This Day in True Crime History

1989: 💔 Salvadoran Army Death Squad’s Brutal Attack on Jesuit Priests

On this day in 1989, a horrific tragedy unfolded at Jose Simeon Canas University in El Salvador. A Salvadoran Army death squad launched a brutal attack, resulting in the deaths of six Jesuit priests and two others. 💔🕊️🙏

The Salvadoran Civil War, which lasted from 1980 to 1992, was marked by intense conflict between the government and leftist rebel groups. During this turbulent time, various factions within the military and government resorted to violence, including extrajudicial killings and human rights abuses, to suppress dissent and maintain power.

The six Jesuit priests killed in this tragic incident were known for their advocacy of peace, social justice, and human rights in El Salvador. Their deaths sent shockwaves throughout the international community and drew attention to the human rights violations occurring in the country. 🌍🕯️✝️

This Day in True Crime History

2001: 💰 Brinks-Mat Bullion Heist Member Murdered

On this day in 2001, Brian Perry, a key figure linked to the infamous Brinks-Mat bullion heist, met a violent end.

The Brinks-Mat heist, a 1983 robbery at the Heathrow International Trading Estate in London, yielded approximately £26 million in gold, diamonds, and cash.

Detectives had certain clues pointing to Mickey McAvoy’s involvement in the Brinks-Mat heist. Notably, McAvoy’s two Rottweiler dogs at his newly acquired mansion were named ‘Brinks’ and ‘Mat.’ As McAvoy’s trial approached, he entrusted his share of the stolen gold to contact Brian Perry. However, Perry never returned the gold to McAvoy, and instead, he served time for handling it.

Upon Perry’s release from prison, and while returning from a shopping trip, he was ambushed and shot three times in the back of his head, resulting in his immediate death. This murder added another layer of mystery to the complex and shadowy world of the Brinks-Mat heist, leaving investigators and the public eager to uncover the truth behind his killing.

Despite extensive investigations and efforts, the whereabouts of a significant amount of the stolen bullion remain a mystery. 💼🔍🔫

This Day in True Crime History


That’s all for the 16th of November in history. Perhaps something will happen on your 16th November that will go down in history, never to be forgotten. Have a great day! In the meantime, be sure to book in to go on a Dark Stories True Crime Tour soon!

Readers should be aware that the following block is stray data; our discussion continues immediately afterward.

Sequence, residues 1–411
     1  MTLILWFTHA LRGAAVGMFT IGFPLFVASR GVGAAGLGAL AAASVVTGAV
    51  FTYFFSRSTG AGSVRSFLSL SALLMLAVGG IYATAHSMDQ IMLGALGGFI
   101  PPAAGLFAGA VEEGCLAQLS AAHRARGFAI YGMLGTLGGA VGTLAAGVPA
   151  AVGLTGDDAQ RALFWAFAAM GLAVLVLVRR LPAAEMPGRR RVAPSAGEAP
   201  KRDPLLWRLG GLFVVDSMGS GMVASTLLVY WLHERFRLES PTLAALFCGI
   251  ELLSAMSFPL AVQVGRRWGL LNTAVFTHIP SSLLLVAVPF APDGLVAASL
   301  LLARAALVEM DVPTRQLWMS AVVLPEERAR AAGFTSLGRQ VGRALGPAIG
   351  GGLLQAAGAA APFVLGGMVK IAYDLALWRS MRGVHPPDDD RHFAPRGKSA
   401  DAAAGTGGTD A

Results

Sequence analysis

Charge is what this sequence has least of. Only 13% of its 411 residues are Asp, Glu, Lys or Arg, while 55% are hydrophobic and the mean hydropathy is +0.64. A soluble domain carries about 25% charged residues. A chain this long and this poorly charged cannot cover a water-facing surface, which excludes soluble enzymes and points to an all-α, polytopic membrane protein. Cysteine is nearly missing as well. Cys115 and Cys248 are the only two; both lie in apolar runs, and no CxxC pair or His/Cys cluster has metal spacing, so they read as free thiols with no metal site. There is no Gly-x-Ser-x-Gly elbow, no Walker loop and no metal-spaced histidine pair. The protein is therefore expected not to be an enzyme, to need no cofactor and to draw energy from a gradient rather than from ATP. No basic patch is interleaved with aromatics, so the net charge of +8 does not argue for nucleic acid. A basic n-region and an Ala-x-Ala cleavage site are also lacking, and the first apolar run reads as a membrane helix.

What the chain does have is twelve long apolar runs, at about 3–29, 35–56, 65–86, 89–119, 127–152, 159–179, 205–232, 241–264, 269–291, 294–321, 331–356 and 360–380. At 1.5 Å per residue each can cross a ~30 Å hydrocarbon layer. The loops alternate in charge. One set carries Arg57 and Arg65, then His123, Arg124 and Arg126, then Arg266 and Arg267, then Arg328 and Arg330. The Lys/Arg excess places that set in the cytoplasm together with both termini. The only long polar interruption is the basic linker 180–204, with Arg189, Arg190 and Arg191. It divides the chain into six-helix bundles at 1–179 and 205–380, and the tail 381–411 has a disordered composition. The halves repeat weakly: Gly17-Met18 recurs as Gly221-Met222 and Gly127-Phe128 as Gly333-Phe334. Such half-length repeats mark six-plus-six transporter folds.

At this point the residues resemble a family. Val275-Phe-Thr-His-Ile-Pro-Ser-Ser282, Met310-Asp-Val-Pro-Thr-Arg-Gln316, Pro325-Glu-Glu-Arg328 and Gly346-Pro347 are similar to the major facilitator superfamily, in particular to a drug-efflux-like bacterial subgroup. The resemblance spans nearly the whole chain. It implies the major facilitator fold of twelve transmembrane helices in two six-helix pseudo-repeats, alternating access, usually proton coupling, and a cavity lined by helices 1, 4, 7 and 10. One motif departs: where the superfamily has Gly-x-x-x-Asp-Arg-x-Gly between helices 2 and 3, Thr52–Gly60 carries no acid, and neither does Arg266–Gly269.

On This Day in True Crime History – 26th October

On this day in True Crime History, we revisit October 26th, a date filled with interesting times. Reflecting on these moments in time reminds us that each date holds a story waiting to be explored and understood.

1881: 🌵 Gunfight at the O.K. Corral 🔥

On this day in 1881, one of the most famous🔫 shootouts in history unfolded at the O.K. Corral in Tombstone, Arizona Territory. Three Earp brothers – Wyatt, Morgan, and Virgil – along with the infamous Doc Holliday, faced off against the Clanton and McLaury families in one of the most legendary events of the American Wild West.

This intense confrontation, known as the Gunfight at the O.K. Corral, was a pivotal moment in the ongoing feud between these two groups, resulting in the deaths of Tom McLaury, Frank McLaury, and Billy Clanton from the Clanton-McLaury faction. At the same time, Virgil and Morgan Earp were wounded but survived. 🔫💥🤠🏜️

This Day in True Crime History

1944: 🗳️ Harry S. Truman Denies Membership in Ku Klux Klan

On this day in 1944, Harry S. Truman, while campaigning as the Democratic vice presidential nominee, made a significant statement to reports to address serious rumours, allegations and innuendos. He emphatically declared, “I never was, am not, and never will be a member of the Ku Klux Klan. Truman would later serve as the 33rd President of the United States. 🗳️

1964: 🔪 Perth Serial Killer Eric Edgar Cooke Executed in Fremantle Prison

On this day in 1964, 🔪 Eric Edgar Cooke, one of Australia’s most infamous serial killers, faced execution. Cooke confessed to a string of crimes, including eight murders and fourteen attempted murders, showcasing an exceptional memory for the details of his offences. He even confessed to more than 250 burglaries, providing precise accounts of what he had stolen, including the coins’ number and denominations. 💼💰

Cooke was ultimately convicted on a charge of murdering John Lindsay Sturkey, one of the victims in his string of crimes, which included five Australia Day shooting victims. His confessions not only shed light on the gruesome nature of his crimes but also appeared to exculpate two men who had already been tried separately, convicted, and imprisoned for murder.

Despite initially pleading not guilty on the grounds of insanity during his trial, he was convicted, sentenced to death by hanging, and subsequently executed in Fremantle Prison, Western Australia. ⚖️🔒

1979: 🌍 South Korean President Park Chung-hee Assassinated 🔫